Holy Days and Holidays

Religious Observances Policy

Syracuse University recognizes the diverse faith traditions represented among its campus community and supports the rights of faculty, staff, and students to observe according to these traditions.

All University offices are asked to be sensitive to the needs of faculty, staff, and students who are observing a religious holiday when scheduling meetings and events.

Deans, department chairs, and program directors are asked to make every effort to avoid scheduling meetings or events at times that would exclude faculty who are observing a religious holiday from participation.

Supervisors are asked to be supportive of staff members who request vacation or personal time to observe a religious holiday and to make every effort to avoid scheduling meetings or events at times that would exclude such staff members from participation.

Students are asked to consider that it is more difficult to arrange appropriate accommodations in some kinds of courses - for example, those that have certain kinds of laboratories or a significant experiential learning component - so students should consider their need for accommodation for religious observances as they plan their schedule each semester. Students should recall that not every course is offered every academic year and that the catalog indicates how frequently each course is offered.

Faculty are asked to make appropriate accommodation for students' observance needs by providing an opportunity to make up any examination, study, or work requirement that is missed because of an absence due to a religious observance, provided the instructor has been notified no later than the end of the second week of classes for regular session classes and by the submission deadline for flexibly formatted classes. No fees will be charged to the student for the costs incurred by the University for such make-up work. If a faculty member is unwilling or unable to make an appropriate accommodation, the student should consult his or her academic dean.

Syracuse University recognizes that the faith traditions observed by our diverse community include more holidays than can be captured adequately in a list. In addition, some observances vary by tradition and by country and are defined by the lunar calendar. However, to assist in identifying religious observance days, Hendricks Chapel has compiled a list of religious holidays that reflect a large proportion of the University community and that may or may not fall on University work and class days.

The chapel also recommends consulting the more comprehensive Interfaith Calendar.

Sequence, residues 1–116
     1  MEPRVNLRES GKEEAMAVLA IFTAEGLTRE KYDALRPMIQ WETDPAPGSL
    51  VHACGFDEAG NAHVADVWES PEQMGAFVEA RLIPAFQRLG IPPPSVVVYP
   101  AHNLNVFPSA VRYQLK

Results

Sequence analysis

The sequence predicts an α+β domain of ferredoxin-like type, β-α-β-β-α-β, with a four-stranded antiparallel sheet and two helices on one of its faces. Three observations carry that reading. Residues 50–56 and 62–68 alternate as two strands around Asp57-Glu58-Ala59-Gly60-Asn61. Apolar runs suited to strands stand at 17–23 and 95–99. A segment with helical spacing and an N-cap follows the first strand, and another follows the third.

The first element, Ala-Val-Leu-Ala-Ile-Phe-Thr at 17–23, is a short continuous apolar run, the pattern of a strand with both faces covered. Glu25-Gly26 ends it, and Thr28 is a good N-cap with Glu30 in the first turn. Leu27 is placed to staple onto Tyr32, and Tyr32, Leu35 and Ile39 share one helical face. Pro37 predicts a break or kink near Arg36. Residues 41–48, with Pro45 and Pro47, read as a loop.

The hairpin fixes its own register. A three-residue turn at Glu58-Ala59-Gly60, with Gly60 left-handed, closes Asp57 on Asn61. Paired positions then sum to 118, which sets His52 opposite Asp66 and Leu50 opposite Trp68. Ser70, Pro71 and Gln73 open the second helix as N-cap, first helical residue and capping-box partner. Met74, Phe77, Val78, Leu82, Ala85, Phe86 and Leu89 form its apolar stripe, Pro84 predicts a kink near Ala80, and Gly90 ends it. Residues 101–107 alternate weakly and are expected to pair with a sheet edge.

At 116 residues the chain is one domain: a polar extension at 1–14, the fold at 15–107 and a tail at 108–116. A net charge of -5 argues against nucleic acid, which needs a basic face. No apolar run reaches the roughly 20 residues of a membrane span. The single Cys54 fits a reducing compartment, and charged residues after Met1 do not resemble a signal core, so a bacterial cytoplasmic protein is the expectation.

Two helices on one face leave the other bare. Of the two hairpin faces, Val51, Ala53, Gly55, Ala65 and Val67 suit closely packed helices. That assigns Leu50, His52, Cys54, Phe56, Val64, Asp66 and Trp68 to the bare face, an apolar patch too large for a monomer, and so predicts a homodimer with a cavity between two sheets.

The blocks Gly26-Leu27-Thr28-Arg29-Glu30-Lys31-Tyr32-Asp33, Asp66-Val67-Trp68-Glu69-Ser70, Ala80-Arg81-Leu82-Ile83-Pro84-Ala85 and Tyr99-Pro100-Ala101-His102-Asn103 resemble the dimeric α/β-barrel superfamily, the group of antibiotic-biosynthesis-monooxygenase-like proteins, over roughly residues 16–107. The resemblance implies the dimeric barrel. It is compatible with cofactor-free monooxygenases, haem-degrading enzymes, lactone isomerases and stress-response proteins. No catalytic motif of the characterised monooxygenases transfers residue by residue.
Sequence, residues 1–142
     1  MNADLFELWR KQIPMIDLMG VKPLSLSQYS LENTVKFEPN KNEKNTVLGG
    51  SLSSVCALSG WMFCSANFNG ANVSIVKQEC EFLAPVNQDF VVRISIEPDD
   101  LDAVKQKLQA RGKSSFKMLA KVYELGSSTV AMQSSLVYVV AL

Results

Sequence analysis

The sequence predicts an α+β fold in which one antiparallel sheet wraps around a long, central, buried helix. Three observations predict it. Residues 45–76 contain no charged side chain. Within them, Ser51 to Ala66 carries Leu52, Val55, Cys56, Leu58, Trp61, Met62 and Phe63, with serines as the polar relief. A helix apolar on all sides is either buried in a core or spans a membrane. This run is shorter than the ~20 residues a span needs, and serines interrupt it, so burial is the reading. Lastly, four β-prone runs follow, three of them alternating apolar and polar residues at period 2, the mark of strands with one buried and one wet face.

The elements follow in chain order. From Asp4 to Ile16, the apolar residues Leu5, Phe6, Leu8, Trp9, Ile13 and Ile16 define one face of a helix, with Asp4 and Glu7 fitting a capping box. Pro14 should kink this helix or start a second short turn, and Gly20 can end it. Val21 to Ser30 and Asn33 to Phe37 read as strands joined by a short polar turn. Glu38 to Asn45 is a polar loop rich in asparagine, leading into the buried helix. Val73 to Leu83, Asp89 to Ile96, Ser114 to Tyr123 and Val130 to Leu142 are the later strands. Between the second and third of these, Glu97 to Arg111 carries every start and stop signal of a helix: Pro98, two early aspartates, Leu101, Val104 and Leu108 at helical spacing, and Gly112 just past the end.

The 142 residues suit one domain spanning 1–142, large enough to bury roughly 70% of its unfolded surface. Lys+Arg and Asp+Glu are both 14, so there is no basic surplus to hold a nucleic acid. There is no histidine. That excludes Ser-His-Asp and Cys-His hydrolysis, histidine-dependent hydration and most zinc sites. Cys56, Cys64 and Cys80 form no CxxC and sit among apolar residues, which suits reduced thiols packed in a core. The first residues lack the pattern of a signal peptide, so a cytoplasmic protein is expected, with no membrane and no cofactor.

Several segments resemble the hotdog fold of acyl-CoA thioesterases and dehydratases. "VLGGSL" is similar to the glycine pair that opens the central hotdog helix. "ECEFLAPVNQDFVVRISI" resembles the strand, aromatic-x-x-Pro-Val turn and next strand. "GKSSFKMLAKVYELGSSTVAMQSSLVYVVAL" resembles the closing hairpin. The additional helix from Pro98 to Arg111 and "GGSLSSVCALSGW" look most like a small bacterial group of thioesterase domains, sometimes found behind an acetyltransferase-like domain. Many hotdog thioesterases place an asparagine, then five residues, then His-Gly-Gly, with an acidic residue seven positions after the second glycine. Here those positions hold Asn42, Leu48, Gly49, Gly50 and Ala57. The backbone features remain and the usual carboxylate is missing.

2014-2015 Holy Days and Holidays

Baha'i
Birth of the Bab October 20, 2014
Birth of Baha'u'llah November 12, 2014
Day of the Covenant November 26, 2014
Ascension of 'Abdu'l-Baha November 28, 2014
Naw ruz - Baha'i New Year March 21, 2015
Feast of Ridvan (first day) April 21, 2015
Declaration of the Báb May 23, 2015
Christian
Christmas December 25, 2014
Ash Wednesday February 18, 2015
Good Friday April 3, 2015
Easter April 5, 2015
Hindu
Krishna Janmashthami August 17, 2014
Ganesh Chaturthi August 29, 2014
Vijayadashami (Dussera) October 4, 2014
Durga puja  October 9, 2014
Deepavali (Diwali) October 23, 2014
Vikram New Year October 24, 2014
Makar Sankranti January 14, 2015
Maha Sivaratri February 17, 2015
Vasant Panchami February 24, 2015
Holi March 6, 2015
Hanuman Jayanti April 4, 2015
Vaisakhi  April 13, 2015
Islamic
Ramadan Begins June 28, 2014
Ramadan Ends July 27, 2014
Eid-Ul-Fitr July 28, 2014
Day of Arafah October 3, 2014
Eid of Sacrifice October 4, 2014
New Year, Muharram 1 October 25, 2014
Ashura, Muharram 10 November 3, 2014
Jewish* (see NOTE below)
Rosh Hashanah* September 25 - 26, 2014
Fast of Gedaliah September 28, 2014
Yom Kippur Eve - Kol Nidre** October 3, 2014
Yom Kippur* October 4, 2014
First 2 Days of Sukkot* October 9 - October 10, 2014
Chol HaMoed (Intermediate days of) Sukkot October 11 - 15, 2014
Sh'mini Atzeret/Simchat Torah* October 16 - 17, 2014
Chanukah December 17 - December 24, 2014
Fast of Tevet 10 January 1, 2015
^Erev Shabbat Sabbath begins 4:12 p.m. December 31, 2015
Tu B'Shvat February 4, 2015
Fast of Esther March 4, 2015
Purim March 5, 2015
Passover Eve - Seder** April 3, 2015
First 2 Days of Pesach (Passover)* April 4 - 5, 2015
Chol HaMoed (Intermediate days of) Pesach (Passover) April 6 - 9, 2015
Last 2 Days Pesach (Passover)* April 10 - 11, 2015
Yom Ha'Shoah April 16, 2015
Yom HaZikaron April 22, 2015
Yom Ha'atzmaut April 23, 2015
Lag B'Omer May 7. 2105
Shavuot* May 24 - 25, 2015
Fast of 17th of Tamuz July 5, 2015
Fast of Tish'a B'Av July 26, 2015
Pagan
Mabon (Autumn Equinox) September 23, 2014
Samhain October 31, 2014
Yule (Winter Solstice) December 21, 2014
Imbolc/Candelmas February 1, 2015
Ostara (Vernal Equinox) March 20, 2015
Beltainne May 1, 2015
Zen Buddhist
Bodhidharma Day (first ancestor of Chan [Zen] in China) October 5, 2014
Soyen Shaku Day (first ancestor of Zen in America, 1893 speech at World Parliament of Religions in Chicago) November 1, 2014
Shakyamuni Buddha's Enlightenment Day December 8, 2014
Parinirvana Day (Shakyamuni Buddha's Final Passing) February 15, 2015
Shakyamuni Buddha's Birthday April 8, 2015
*Jewish NOTE:

All Jewish holidays begin at sunset the day before the first day given, and end one hour after sunset on the last day given. The Jewish Sabbath begins Friday 18 minutes before sundown. It is a Holy Day. Most activities necessary for classes and tests are not permitted. Please take this into consideration when planning tests and finals on Fridays, especially in the winter.

*Holy Day. Work is not permitted. Most activities necessary for classes and tests are not permitted.
**Preparations for Yom Kippur and Passover are intense and require preparation a few hours before the actual
Holiday begins at Sundown.